Once upon a time, Mui Ne was an isolated stretch of beach where pioneering travellers camped on the sand. Times have changed and it's now a string of beach resorts, which have fused into one long coastal strip. These resorts are, for the most part, mercifully low-rise and set amid pretty gardens by the sea. The original fishing village is still here, but tourists outnumber locals these days. Mui Ne is definitely moving upmarket, as more exclusive places open their doors, complemented by swish restaurants and swanky shops, but there is still a (kite) surfer vibe to the town.
Mui Ne is the adrenalin capital of southern Vietnam. There’s no scuba-diving or snorkelling to speak of, but when Nha Trang and Hoi An get the rains, Mui Ne gets the waves. Surf’s up from August to December. For windsurfers, the gales blow as well, especially from late October to late April, when swells can stir things up big-time. Kitesurfing has really taken off and the infinite horizon is often obscured by dozens of kites flapping in the wind. If this all sounds too much like hard work, you can simply lounge around on the beach, watching others take the strain.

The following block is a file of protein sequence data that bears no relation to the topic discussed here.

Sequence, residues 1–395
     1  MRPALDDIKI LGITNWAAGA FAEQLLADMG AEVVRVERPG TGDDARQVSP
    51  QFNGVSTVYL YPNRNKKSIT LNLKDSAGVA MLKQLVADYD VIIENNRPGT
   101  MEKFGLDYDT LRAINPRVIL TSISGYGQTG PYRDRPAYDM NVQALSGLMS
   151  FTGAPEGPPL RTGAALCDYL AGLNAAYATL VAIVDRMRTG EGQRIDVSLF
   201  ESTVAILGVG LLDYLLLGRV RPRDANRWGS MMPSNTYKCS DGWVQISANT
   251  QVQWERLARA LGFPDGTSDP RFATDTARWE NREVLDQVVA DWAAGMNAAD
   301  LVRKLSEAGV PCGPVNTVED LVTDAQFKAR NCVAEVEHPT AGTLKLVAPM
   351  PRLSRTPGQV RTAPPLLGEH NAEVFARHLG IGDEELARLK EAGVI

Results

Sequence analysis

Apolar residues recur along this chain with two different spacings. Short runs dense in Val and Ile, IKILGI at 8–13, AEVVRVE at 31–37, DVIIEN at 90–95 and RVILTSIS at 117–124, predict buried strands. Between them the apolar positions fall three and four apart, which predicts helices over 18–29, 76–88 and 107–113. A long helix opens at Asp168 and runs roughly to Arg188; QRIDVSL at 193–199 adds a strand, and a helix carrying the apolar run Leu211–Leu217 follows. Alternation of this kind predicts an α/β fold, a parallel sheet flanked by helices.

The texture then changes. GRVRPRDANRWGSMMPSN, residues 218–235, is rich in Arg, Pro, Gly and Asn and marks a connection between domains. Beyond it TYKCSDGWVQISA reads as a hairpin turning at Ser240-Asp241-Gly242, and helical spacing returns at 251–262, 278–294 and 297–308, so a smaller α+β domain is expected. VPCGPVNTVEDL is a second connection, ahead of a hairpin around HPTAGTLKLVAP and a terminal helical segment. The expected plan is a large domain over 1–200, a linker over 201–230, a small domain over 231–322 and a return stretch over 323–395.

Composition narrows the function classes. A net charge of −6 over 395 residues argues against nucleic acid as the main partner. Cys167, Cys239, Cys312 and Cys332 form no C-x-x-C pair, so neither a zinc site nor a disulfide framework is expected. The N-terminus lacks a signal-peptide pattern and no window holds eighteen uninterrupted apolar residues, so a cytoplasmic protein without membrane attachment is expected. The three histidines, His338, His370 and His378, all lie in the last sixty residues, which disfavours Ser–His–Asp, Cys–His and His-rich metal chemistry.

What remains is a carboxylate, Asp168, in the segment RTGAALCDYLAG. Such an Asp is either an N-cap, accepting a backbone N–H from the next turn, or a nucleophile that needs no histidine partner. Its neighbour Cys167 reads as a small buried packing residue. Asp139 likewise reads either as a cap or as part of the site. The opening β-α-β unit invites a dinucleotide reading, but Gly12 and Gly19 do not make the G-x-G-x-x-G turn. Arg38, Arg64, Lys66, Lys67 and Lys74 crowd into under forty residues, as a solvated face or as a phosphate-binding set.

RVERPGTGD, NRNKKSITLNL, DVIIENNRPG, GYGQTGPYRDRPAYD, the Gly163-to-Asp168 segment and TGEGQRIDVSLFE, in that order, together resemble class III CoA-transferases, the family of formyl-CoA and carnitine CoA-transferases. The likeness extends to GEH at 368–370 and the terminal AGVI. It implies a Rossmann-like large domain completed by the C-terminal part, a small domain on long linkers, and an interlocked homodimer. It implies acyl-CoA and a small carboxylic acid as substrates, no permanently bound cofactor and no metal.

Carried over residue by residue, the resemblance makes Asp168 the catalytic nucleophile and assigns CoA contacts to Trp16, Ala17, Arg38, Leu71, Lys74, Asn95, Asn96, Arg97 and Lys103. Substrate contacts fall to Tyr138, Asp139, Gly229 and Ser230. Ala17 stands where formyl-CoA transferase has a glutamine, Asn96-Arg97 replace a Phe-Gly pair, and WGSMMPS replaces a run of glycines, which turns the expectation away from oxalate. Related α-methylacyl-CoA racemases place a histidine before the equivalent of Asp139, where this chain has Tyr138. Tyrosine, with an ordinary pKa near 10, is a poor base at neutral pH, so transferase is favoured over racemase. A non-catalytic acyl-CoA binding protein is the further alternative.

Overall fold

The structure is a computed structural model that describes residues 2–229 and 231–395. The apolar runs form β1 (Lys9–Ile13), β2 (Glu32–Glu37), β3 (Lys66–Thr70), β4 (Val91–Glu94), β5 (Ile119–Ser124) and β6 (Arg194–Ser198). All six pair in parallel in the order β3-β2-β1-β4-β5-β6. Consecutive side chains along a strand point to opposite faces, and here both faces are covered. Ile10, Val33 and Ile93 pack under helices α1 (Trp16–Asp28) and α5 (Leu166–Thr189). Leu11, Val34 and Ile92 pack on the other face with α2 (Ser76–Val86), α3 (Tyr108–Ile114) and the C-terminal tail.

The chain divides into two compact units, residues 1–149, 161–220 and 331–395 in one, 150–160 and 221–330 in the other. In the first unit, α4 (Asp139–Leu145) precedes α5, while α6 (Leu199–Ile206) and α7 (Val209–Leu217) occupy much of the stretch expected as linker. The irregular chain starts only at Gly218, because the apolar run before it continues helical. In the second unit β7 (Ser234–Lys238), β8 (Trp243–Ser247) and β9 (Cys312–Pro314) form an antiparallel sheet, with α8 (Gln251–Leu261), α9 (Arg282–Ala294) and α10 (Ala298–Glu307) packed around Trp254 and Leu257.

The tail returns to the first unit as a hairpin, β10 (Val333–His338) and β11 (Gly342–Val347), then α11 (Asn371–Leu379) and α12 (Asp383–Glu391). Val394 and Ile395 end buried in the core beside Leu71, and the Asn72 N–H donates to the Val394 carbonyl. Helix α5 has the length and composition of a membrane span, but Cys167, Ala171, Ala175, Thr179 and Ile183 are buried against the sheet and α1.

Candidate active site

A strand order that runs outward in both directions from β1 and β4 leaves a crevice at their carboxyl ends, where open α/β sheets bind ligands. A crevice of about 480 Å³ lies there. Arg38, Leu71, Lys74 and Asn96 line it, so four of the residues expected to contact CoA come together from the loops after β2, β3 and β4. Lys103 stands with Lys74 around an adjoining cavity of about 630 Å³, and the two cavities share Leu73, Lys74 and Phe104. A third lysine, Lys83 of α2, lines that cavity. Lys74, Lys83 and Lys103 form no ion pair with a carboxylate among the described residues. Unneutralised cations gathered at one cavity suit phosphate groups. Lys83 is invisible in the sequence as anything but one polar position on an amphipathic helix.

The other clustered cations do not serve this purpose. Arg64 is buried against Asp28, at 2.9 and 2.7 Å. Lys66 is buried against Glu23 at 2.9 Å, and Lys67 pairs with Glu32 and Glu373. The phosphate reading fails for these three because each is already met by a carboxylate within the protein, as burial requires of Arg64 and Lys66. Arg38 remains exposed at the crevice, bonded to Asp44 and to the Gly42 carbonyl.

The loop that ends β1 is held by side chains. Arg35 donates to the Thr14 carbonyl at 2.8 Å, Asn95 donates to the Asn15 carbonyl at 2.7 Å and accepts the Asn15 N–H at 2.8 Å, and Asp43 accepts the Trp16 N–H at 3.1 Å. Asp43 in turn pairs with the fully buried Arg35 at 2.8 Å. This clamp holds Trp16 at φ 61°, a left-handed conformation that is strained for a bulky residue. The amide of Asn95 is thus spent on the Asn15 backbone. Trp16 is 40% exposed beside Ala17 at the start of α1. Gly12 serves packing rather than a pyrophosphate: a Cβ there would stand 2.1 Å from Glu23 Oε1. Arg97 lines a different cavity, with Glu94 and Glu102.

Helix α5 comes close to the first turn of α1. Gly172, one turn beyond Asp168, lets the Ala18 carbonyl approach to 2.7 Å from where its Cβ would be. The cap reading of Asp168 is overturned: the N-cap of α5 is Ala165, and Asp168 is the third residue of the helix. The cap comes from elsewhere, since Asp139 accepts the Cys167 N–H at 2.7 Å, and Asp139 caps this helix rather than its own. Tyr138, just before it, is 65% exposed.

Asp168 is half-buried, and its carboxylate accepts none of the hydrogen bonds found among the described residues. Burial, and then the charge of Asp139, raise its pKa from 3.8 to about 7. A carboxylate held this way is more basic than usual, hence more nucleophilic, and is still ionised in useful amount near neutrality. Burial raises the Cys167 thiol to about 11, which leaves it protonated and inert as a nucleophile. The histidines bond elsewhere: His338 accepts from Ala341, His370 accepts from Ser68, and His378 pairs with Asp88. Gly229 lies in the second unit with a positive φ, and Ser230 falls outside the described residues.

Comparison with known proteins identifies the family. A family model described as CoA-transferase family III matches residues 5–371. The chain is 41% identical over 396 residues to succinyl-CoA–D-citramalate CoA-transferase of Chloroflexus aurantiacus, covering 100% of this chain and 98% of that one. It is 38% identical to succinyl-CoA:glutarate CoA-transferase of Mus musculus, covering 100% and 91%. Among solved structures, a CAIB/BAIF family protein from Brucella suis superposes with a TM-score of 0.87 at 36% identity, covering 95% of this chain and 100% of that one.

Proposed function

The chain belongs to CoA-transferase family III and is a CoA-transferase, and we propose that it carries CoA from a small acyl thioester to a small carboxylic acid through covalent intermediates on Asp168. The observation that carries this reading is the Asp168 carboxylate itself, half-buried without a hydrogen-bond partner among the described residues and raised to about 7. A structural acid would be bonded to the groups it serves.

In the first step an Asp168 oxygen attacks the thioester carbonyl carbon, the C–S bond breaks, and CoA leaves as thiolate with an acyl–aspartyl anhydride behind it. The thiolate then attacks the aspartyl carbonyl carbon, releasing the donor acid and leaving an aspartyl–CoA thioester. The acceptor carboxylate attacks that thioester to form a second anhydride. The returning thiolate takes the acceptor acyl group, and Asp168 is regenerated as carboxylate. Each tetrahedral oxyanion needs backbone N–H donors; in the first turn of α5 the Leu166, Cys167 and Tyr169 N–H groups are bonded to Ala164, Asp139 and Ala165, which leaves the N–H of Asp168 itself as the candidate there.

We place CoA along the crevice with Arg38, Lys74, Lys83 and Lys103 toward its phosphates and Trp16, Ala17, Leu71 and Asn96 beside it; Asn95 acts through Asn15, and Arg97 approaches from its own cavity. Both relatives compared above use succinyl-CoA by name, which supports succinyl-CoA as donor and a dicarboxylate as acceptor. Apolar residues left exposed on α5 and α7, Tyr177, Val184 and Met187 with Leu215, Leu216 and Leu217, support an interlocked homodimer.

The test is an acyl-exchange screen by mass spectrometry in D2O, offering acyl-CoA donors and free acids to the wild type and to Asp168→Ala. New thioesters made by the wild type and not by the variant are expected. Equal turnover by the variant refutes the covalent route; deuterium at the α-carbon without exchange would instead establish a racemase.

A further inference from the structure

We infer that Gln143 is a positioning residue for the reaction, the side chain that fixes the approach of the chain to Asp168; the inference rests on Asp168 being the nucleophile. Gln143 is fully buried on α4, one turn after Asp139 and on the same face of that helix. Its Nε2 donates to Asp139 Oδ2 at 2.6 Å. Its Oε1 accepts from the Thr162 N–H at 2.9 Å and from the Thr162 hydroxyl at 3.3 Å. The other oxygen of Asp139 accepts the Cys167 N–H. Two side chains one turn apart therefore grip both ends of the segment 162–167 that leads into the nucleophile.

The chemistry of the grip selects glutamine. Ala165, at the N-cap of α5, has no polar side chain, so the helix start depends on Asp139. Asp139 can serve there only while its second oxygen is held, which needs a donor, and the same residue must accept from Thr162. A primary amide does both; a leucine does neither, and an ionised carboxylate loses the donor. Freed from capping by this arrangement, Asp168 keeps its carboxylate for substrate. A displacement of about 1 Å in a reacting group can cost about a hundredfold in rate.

Mui Ne sees only about half the rainfall of nearby Phan Thiet. The sand dunes help protect its unique microclimate, and even during the wet season (from June to September) rains tend to be fairly light and sporadic.
One major problem the area faces is the steady creep of coastal erosion. Many resorts east of Km 12 have almost completely lost their beaches and rely on sandbagging to keep the little they have left.
Road safety is another serious issue. There are no traffic-calming measures along the main coastal road, and speeding cars and trucks have little regard for pedestrians. Take care.
It’s almost impossible to get lost in Mui Ne, as everything is spread out along a 10km stretch of highway. Most accommodation lines the beach side, while restaurants and shops flank the other.